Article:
Shipping to Cast Off Red Tape and Set Sail for Productivity Boost

Media Release

WT054/2014

08 April 2014

The Australian Government is inviting input on reforms to revitalise coastal shipping in Australia, with the release of its Regulation of Coastal Shipping Options Paper today.

Acting Prime Minister and Minister for Infrastructure and Regional Development Warren Truss told the 2014 International Association of Ports and Harbors Mid-Term Conference in Sydney today that removing unnecessary regulatory burdens will boost competitiveness in the struggling industry.

“Right now our domestic shipping industry is treading water, bound in red tape and unable to be competitive both domestically and internationally,” Mr Truss said.

“If allowed to continue under Labor's tangle of dead weights, the industry will sink to the bottom of the harbour.

“As an island nation, Australia's competitiveness, to an ever-growing extent, depends on local industries exporting our world-class products overseas in the most cost-effective way possible.

“Our domestic freight task is growing rapidly and shipping should be carrying a larger share of the load.

“This options paper is the first step in unlocking the regulatory shackles on shippers and boosting Australia's competitiveness. The Paper also includes a discussion on regulatory settings for the cruise industry.

“We will take a measured and careful approach to this process and I am determined to ensure we rebalance the system to support Australia's shipping needs.”

The shipping industry currently handles 99 percent of Australia's international trade and volume is expected to double by 2029–30. Like our international trade, coastal shipping is an important part of Australia's domestic freight task, comprising 20 percent of movements.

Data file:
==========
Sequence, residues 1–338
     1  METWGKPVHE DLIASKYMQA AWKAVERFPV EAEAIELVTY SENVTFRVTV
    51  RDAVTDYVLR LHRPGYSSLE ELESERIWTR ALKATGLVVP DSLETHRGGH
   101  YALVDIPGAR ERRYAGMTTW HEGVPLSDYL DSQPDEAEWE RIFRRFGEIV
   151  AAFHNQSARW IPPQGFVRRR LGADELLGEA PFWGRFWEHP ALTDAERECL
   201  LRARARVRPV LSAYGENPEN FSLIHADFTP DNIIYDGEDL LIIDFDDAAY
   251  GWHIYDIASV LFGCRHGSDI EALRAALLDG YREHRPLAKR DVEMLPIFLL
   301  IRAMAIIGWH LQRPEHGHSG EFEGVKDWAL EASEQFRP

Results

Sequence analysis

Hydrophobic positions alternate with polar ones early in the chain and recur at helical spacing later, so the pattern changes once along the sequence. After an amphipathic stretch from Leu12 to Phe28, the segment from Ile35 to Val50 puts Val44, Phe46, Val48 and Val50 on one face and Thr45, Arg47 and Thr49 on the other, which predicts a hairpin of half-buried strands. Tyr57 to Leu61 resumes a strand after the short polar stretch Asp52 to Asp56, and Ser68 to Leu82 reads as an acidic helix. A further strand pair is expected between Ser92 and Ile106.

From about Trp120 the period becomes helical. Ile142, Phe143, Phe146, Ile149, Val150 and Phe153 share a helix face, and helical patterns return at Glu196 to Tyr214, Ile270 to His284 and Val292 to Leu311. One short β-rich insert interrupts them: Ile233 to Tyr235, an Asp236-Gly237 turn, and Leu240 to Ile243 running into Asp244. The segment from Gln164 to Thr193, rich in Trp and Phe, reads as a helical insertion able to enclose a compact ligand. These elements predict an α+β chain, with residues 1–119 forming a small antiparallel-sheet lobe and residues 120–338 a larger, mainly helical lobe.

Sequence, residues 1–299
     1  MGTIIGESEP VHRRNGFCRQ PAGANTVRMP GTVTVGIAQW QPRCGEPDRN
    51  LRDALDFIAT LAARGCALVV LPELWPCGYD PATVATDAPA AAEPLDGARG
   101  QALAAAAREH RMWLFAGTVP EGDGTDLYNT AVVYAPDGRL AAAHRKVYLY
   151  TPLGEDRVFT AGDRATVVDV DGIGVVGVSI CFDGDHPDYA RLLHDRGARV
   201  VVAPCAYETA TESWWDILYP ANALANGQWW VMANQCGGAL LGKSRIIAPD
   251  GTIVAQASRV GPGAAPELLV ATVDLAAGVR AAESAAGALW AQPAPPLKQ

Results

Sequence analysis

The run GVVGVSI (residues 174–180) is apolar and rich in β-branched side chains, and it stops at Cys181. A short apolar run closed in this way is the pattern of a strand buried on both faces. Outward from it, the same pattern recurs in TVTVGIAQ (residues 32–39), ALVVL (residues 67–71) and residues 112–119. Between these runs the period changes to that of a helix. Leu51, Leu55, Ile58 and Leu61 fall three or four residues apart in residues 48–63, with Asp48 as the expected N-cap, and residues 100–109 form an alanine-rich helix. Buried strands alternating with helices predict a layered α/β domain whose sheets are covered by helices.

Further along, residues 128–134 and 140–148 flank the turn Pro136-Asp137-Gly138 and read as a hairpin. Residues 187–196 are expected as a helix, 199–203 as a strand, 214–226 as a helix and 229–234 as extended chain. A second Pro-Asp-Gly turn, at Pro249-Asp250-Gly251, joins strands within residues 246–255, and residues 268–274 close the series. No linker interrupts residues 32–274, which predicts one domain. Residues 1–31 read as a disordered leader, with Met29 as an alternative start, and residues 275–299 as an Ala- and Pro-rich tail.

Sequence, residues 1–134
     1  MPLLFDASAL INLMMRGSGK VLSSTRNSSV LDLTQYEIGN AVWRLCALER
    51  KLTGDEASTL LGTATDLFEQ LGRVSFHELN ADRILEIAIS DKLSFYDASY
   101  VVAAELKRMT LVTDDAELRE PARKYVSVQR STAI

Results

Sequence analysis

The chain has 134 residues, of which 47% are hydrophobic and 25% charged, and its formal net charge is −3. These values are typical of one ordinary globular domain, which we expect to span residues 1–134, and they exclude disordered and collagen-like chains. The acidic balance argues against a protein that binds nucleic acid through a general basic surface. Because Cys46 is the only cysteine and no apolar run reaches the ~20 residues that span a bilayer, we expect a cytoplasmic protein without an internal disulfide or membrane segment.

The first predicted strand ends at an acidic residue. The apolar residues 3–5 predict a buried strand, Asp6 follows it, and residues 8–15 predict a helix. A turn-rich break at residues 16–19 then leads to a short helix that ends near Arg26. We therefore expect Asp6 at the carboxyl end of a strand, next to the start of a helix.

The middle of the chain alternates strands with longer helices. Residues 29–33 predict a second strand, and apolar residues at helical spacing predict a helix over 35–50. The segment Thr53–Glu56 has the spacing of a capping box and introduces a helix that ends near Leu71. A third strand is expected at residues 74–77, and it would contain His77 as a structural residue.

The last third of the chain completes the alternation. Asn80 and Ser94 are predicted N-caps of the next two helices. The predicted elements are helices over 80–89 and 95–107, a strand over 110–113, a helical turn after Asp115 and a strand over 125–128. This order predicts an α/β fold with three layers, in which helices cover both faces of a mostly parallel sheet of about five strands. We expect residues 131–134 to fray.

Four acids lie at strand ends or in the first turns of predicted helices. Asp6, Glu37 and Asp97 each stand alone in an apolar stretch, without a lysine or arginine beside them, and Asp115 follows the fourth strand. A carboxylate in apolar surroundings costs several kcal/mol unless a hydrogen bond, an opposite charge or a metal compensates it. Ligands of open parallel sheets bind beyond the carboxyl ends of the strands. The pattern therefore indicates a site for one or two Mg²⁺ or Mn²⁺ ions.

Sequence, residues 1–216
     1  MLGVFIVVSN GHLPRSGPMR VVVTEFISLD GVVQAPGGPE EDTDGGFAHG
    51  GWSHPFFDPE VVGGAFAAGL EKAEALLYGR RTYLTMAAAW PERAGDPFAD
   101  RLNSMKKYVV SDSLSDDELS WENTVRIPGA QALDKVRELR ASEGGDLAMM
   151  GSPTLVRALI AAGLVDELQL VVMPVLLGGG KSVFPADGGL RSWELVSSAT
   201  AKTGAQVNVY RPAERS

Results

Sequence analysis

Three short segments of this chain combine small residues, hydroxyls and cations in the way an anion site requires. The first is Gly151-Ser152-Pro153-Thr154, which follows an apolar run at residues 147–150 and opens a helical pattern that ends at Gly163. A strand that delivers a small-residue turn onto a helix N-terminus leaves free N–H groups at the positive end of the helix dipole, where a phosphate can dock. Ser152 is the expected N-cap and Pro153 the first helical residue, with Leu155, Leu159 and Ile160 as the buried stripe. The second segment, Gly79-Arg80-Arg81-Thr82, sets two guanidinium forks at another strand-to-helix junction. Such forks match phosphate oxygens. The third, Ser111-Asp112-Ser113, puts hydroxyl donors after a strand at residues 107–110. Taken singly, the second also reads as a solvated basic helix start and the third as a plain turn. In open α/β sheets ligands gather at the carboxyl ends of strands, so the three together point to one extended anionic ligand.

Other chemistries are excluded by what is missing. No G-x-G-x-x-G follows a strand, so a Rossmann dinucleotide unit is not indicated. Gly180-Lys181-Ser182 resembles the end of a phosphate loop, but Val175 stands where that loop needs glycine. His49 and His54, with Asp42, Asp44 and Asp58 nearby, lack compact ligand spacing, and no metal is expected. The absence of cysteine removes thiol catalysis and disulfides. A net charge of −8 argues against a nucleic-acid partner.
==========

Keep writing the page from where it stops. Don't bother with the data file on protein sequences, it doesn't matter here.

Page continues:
Mr Truss said ensuring that Australia has adequate transport links to accommodate this boom is essential for an economy geared for growth.

“There is a growing disparity between the cost of shipping domestically and the cost of shipping to Australia from overseas,” Mr Truss explained.

“Too often we hear that it is cheaper to freight goods from overseas than ship them from one Australian port to another.

“Meanwhile, we have reached a situation where the number of Australian registered ships has halved over the last decade, with demand outstripping supply.

“In 2002–03 there were 33 Australian registered vessels with a deadweight tonnage of 2,000 tonnes or more in our major trading fleet. As of December 2013 there were just 16 such vessels.

“Labor created a second register (the Australian International Shipping Register) as an alternative for Australian shipowners and operators who predominantly engage in the international trades, but there are no vessels on it. It has been a complete failure.

“A viable, vibrant shipping industry is essential to our national prosperity and it is critical that our transport links are working at optimal capacity and efficiently.”

The review will seek input on all areas of regulation of coastal trading.

Submissions close Friday 31 May 2014.

The Options Paper: Approaches to regulating coastal shipping in Australia is available at: www.infrastructure.gov.au/maritime/business/coastal_trading/review/index.aspx